I’ve been enjoying a Canadian series on television that’s certainly not new (it’s on something like season 11), but it’s new to me. Set in the 1890s Toronto, Murdoch Mysteries features a bright young detective who solves gruesome murders using tactics from the field of forensic science, still in its infancy–techniques we take for granted today, like fingerprinting.
I must admit, I don’t enjoy “gruesome,” and the term is apt in many episodes. However, the stories are well told, the solutions are interesting and keep me guessing, and the characters are well established and mostly likeable. William Murdoch (Yannick Bisson) is a serious, even brooding detective, an Irish Catholic recovering from a past heartbreak. Medical examiner Dr. Julia Ogden (Helene Joy) is, somewhat conveniently, a woman, equally bright and more than able to stomach the morgue procedures she performs with relish. There are hints of a budding romance between these two (no spoilers, please–obviously I’m not very far along in the series yet). Inspector Thomas Brackenreid (Thomas Craig) veers between doubt and awe at Murdoch’s unconventional methods. Bumbling constable George Crabtree (Jonny Harris) has the wide-eyed clumsiness of youth, but is a good-hearted chap, eager to be of service and learn the ropes from his mentor.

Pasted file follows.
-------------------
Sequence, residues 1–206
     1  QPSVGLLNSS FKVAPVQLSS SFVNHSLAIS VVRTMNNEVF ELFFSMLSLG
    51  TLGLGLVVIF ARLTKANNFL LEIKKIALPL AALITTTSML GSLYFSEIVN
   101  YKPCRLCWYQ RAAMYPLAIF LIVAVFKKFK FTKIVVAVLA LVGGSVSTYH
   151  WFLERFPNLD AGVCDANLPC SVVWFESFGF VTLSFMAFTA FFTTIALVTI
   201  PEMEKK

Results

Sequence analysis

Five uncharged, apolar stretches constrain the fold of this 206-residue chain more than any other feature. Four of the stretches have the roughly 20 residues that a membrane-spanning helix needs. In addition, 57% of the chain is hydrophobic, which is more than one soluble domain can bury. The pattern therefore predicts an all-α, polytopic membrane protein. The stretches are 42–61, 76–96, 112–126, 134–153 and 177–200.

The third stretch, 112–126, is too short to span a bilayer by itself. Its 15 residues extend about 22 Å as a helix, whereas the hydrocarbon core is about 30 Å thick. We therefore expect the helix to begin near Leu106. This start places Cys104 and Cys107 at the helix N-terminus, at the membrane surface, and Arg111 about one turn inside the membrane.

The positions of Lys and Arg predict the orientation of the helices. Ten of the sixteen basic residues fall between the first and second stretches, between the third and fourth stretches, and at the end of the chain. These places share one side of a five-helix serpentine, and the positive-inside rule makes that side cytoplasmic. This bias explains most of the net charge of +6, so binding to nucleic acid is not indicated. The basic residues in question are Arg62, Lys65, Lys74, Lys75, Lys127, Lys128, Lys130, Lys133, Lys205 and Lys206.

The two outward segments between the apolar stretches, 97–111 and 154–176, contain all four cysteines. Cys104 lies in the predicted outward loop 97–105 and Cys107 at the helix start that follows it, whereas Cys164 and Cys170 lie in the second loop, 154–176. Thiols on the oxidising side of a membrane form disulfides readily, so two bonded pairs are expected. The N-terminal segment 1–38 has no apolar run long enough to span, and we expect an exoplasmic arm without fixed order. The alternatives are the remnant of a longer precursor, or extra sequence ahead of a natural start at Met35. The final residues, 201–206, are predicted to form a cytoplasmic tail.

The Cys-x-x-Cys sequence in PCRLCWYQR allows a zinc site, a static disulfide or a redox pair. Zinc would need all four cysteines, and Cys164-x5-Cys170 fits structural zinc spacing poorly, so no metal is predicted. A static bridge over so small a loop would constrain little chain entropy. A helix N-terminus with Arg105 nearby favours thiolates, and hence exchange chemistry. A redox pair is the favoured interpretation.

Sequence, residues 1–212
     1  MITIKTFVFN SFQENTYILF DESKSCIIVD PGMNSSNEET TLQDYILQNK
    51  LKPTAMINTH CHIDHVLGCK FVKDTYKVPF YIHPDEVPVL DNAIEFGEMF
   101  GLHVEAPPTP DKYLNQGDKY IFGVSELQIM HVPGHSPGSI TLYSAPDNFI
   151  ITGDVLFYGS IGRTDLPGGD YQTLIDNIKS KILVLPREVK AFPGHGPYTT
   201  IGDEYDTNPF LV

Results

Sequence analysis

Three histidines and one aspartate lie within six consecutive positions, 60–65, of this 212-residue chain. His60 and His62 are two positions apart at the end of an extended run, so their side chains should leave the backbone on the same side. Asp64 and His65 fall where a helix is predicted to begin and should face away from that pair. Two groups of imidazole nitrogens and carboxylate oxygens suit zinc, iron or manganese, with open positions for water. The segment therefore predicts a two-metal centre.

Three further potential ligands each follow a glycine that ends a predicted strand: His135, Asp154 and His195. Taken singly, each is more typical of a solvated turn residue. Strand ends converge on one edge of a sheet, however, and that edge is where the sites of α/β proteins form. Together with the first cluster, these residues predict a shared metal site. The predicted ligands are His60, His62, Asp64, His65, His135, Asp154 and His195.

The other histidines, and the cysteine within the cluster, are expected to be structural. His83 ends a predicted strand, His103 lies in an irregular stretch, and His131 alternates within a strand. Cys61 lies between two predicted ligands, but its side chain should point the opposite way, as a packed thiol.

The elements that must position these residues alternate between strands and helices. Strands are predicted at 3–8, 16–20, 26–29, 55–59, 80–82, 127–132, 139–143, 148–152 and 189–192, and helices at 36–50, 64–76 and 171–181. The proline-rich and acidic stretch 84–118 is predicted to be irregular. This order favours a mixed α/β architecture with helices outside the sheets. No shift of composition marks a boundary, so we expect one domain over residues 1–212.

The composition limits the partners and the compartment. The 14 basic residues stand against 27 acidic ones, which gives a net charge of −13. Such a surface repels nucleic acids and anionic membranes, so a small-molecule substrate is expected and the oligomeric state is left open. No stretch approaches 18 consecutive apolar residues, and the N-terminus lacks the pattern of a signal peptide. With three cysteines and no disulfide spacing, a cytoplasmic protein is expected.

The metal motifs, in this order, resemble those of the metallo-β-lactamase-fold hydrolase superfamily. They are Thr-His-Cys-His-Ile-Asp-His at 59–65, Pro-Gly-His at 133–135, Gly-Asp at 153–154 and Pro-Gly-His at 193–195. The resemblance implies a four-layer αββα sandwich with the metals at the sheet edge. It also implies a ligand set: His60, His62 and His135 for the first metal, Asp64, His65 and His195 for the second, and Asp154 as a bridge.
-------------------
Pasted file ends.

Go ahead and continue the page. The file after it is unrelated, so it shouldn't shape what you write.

What else I like: The series mixes in real history, like storylines involving Nikola Tesla and Sir Arthur Conan Doyle, which is fun. And of course I love seeing the detailed settings, costumes and props depicting Toronto in the late-Victorian era.
I understand Murdoch Mysteries is based on a series of novels by Maureen Jennings. I must seek them out.